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Global Climate Change DigestArchives of the
Global Climate Change Digest

A Guide to Information on Greenhouse Gases and Ozone Depletion
Published July 1988 through June 1999



Item #d95dec7

"Incentives for Forty-Five Countries to Join Various Forms of Carbon Reduction Agreements," H. Welsch (Inst. Energy Econ., Univ. Cologne, A. Magnus Pl., 50923 Köln, Ger.), Resour. & Energy Econ., 17(3), 213-237, Nov. 1995.

Combines current economic data and population projections to carbon production functions and damage functions for the 45 largest carbon emitting countries. Uses this information to calculate the costs and benefits for each country under several different approaches to reducing global emissions from the 1987 level by 50% (Toronto target). A major result is that a system of arbitrarily distributed flexible (tradeable) emission quotas may lead to a close approximation of an agreement with optimal quotas.

Item #d95dec8

Letter to the editor in Nature, 377(6550), 570, Oct. 19, 1995, from K.V. Rao (Ctr. for Sci. & Environ., 41 Tughlakabad Institutional Area, New Delhi 110 062, India).

Climate modelers must shift their efforts from global generalities to regional specifics. In this respect South Asia, with its unique characteristics (agro-climatic zones, food security problems, rising population, and economic growth), presents an immense challenge and opportunity for furthering international scientific cooperation. The alternative is to develop policy against the backdrop of an asymmetry of scientific information and political influence.

Item #d95dec9

"A Fiscal Reform for Increasing Employment and Mitigating CO2 Emissions in Europe," F. Bossier (Federal Planning Off., Ministry Econ. Affairs, Ave. des Arts 47/49, B-1049 Brussels, Belg.), T. Bréchet, Energy Policy, 23(9), 789-798, Sep. 1995.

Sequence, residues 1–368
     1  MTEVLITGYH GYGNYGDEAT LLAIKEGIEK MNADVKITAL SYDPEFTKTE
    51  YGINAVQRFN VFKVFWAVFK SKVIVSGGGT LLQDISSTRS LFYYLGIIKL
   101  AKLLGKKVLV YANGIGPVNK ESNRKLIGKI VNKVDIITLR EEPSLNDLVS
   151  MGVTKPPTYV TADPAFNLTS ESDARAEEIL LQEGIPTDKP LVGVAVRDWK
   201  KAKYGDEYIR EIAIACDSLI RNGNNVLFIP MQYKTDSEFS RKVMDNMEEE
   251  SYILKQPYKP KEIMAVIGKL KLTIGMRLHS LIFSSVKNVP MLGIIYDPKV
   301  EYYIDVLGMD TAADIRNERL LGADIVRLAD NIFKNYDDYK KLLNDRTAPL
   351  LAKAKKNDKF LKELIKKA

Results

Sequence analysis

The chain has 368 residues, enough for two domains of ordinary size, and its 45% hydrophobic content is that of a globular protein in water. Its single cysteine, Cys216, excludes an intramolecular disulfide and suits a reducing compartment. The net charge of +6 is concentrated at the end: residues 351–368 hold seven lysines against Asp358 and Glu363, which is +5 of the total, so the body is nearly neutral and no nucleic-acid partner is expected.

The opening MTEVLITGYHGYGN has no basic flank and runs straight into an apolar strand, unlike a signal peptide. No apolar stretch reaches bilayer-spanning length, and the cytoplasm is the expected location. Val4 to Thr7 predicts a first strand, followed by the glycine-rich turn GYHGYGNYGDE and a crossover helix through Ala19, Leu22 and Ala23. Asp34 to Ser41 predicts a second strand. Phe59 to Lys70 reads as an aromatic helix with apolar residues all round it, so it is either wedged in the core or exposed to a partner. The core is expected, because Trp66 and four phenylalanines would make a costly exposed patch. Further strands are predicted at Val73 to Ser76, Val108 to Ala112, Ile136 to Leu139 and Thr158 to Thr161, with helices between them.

Evaluates a possible "green" fiscal reform consisting of using a CO2/energy tax to finance reductions in the social security contributions of employers equivalent to about 1% of the European GDP. Economic simulations for six European countries indicate that modest reductions in emissions and increases in employment would result.

Item #d95dec10

"Energy Taxation as a Policy Instrument to Reduce CO2 Emissions: A Net Benefit Analysis," R. Boyd, K. Krutilla (Sch. Public & Environ. Affairs [SPEA], Indiana Univ., Bloomington IN 47405), W.K. Viscusi, J. Environ. Econ. & Mgmt., 29(1), 1-24, July 1995.

Combines cost estimates of CO2 reductions with monetary estimates of environmental damages of increased CO2. Concludes that optimal CO2 reductions range from 5% to 38%, depending on different assumptions about energy substitution elasticities and environmental damages. Energy is underpriced given its environmental costs, so reducing energy consumption and emissions soon will yield net economic benefits. Deferring policy action will impose net economic costs.

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